Saturday, January 06, 2007

Profit On The Line

Thomas Alva Edison was not only a great inventor, but an inspired businessman. His entrepreneurial talent first showed itself about the age of 12, when he obtained the concession to sell newspapers and confectionery on the train running between Port Huron and Detroit, Michigan.

His profit on newspapers depended on exactly matching supply to demand. So, with charqacteristic enterprise, he persuaded a friend who worked on the Detroit Free Press to show him proofs of the lead stories in advance, so he could estimate the probable level of public interest and thus sales for the day.

His greatest triumph as a newsboy came in April 1862, when the first accounts of the bloody Civil War battle of Shiloth hit the headlines. Seeing the chance to make money, Edison bought 1000 copies of the Detroit Free Press on credit and arranged for news of the battle to be telegraphed up the line ahead of the train and posted in the stations.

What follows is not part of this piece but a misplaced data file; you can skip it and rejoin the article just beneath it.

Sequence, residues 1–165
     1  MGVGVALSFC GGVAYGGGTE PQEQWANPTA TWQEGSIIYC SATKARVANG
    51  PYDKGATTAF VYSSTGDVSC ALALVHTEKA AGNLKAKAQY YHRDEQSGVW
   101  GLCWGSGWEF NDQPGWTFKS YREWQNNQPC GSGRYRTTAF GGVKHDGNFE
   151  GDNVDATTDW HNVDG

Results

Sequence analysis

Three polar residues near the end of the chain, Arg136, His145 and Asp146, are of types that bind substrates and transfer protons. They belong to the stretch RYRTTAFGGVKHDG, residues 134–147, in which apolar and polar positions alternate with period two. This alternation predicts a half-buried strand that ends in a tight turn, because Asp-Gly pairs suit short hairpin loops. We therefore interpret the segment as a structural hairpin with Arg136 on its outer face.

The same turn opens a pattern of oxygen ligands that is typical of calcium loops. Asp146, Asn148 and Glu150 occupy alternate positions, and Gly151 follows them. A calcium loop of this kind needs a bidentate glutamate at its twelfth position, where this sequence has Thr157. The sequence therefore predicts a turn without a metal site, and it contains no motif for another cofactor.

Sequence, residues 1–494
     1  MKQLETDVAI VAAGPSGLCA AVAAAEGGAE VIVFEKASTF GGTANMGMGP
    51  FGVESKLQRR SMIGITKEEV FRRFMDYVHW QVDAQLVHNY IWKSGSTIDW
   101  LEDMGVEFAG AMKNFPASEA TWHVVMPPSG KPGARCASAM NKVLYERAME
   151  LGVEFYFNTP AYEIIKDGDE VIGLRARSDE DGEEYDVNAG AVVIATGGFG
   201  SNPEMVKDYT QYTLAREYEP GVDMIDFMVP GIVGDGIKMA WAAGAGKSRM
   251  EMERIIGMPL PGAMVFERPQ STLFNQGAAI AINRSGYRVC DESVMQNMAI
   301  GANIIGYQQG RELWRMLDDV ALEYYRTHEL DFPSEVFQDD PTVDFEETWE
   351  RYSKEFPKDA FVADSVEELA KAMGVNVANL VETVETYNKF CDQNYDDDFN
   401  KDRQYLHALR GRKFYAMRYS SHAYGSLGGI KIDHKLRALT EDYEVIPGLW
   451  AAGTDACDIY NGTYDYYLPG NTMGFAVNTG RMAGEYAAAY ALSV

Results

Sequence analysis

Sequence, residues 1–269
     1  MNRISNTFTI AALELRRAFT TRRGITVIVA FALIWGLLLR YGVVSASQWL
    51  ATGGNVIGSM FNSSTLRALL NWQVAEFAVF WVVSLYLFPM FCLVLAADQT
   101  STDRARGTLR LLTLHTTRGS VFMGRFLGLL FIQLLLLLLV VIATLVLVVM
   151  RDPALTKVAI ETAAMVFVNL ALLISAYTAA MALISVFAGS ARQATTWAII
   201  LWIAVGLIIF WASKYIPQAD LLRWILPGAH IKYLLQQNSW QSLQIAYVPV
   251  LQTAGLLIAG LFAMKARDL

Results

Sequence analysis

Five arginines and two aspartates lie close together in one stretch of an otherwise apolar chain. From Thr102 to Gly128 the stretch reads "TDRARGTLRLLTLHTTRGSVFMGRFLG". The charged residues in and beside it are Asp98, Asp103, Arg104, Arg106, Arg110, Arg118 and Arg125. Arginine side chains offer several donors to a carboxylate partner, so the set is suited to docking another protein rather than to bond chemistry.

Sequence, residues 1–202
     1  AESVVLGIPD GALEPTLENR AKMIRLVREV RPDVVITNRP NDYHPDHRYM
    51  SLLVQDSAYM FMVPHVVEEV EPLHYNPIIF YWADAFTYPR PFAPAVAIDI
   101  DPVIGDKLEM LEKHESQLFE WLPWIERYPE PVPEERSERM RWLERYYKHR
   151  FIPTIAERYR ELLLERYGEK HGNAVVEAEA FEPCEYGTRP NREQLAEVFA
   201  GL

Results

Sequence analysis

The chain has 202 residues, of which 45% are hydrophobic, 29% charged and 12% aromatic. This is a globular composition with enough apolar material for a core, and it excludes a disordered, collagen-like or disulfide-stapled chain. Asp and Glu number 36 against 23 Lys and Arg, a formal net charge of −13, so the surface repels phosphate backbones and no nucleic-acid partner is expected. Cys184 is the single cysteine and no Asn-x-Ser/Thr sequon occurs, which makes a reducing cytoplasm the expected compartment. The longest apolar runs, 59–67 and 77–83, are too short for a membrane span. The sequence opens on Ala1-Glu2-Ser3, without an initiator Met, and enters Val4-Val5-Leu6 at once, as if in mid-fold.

Word spread fast through each small town and crowds packed the stations, frantic to read more details of the fighting when the newspapers arrived. Edison was able not only to sell all 1000 copies, but to hike up the price considerably as he went along.

Not content with selling newspapers, Edison moved into journalism, setting up a printing press in the trains's baggage compartment to produce his own local newssheet, the Grand Trunk Herald. Retailing at three cents, it rose to a circulation of about 700 - the first newspaper ever printed on a train.

Edison finally overreached himself, however, by setting up a chemical laboratory in the baggage car where he would experiment in his spare time. When one of his experiments caused a fire, both he and his equipment were unceremoniously thrown off the train.

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